How to Use the Interview Process


Posted to Nursing, Nursing Jobs, Travel Nursing

How to Use the Interview Process

The interview process is a time for the employer as well as the applicant to exchange information. It is not just about the employer learning more about you. This is your chance to find out more about the employer and the job at hand.

You might be an excellent choice from their perspective, but how does this position and employer fit your needs and goals? To assess this, you need to first understand what your own needs and goals are. These will be unique to you.

If you are currently employed and looking for a change, consider the factors that have driven you to this point. Make a list of the pros and cons of your present situation and prioritize these points. What do you need in a new position to make it a more satisfying and rewarding situation?

You might need a change of venue. Perhaps you need a slower paced environment or maybe even crave something more challenging and faster paced. Maybe you need a more positive experience such as a change away from hospice or oncology. Or perhaps you’re looking for a career path opportunity.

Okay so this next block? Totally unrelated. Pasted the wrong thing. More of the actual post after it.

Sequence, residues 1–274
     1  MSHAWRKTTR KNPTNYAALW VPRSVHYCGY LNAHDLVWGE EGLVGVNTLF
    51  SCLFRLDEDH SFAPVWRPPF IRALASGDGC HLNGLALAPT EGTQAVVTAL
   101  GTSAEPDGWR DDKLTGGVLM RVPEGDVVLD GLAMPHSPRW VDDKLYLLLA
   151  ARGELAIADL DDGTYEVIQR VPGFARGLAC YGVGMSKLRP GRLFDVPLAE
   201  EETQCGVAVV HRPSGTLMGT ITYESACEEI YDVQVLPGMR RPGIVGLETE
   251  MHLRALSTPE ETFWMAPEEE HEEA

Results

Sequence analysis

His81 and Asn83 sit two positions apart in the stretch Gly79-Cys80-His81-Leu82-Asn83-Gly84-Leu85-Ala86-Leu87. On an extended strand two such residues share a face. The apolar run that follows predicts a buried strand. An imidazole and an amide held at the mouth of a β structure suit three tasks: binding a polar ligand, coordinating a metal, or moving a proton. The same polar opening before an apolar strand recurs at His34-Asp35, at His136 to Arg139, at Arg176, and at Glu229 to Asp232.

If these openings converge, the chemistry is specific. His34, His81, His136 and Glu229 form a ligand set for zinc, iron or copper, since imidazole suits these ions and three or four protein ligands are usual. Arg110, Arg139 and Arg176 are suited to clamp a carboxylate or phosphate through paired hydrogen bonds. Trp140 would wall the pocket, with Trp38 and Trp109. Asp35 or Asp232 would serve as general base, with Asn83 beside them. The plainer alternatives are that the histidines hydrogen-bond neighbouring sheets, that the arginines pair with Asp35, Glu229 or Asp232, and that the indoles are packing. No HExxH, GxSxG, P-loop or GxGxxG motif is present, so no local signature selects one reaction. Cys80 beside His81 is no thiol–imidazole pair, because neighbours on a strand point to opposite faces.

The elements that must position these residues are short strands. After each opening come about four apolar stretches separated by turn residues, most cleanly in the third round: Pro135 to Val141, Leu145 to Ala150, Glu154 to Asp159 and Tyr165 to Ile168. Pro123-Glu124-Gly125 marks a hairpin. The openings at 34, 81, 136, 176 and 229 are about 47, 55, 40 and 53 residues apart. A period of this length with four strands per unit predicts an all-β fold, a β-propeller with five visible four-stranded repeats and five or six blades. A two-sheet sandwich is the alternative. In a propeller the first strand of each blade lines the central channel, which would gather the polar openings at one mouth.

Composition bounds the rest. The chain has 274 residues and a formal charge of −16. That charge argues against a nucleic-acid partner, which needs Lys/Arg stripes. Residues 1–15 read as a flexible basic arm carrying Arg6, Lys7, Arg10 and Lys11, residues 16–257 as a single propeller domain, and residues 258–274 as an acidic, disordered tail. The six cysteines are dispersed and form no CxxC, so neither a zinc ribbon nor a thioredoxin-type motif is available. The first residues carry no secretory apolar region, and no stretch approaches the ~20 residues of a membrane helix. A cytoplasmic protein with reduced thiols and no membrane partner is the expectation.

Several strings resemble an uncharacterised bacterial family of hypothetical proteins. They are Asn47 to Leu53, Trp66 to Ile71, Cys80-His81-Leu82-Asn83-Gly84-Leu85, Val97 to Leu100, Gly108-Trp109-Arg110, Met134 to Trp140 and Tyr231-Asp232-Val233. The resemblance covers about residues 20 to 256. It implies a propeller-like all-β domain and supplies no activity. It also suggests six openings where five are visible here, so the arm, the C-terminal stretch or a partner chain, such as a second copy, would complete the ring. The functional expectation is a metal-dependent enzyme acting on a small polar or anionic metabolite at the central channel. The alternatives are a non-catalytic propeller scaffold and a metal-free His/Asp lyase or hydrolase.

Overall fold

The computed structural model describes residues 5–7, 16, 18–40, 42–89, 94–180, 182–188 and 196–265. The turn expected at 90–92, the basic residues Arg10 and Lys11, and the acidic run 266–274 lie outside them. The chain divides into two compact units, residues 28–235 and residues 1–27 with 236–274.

If this is your first nursing job, you will need to consider a few other issues such as the orientation and learning opportunities for new grads.

If you are a travel nurse, you will reevaluate your needs and goals much more frequently and will have perhaps perfected the interview process with recruiters as well as with facilities.

Being prepared for your interview will help you to demonstrate the fact that you are organized, able to prioritize, and have a strong understanding of your personal goals and needs.

Once you have completed the list of priorities for your new job, consider some of the questions you may need to ask in your interview and how to fine tune them to your individual needs and goals. These questions will also help you to demonstrate your knowledge base and interest in the opportunity.

Arrive for your interview early and be professional. Be neat, clean and well-groomed. That includes your hair, nails and any facial hair. Your clothing should be clean and professional.

Be sure you have all of your documentation with you such a licenses, social security card, and names and contact information for references. Have a black pen that writes which you are comfortable using. Be neat and legible with all of your paperwork.

Prepare your answers about any gaps or other issues in your resume. Be ready to discuss your skills and talents as well as your expectations and goals. If you need a second to consider an answer, say so instead of stumbling, stammering or giving the deadly “deer in the headlights” look.

Use direct eye contact and be aware of your body language. Thank the person for their time and this opportunity. Send a follow up thank you note or email. Remember that anything that sounds too good to be true, probably is too good to be true. Take some time to consider any offer that is made.

By Kathy Quan RN BSN
Kathy is the author of The Everything New Nurse Book, and is owner/author of

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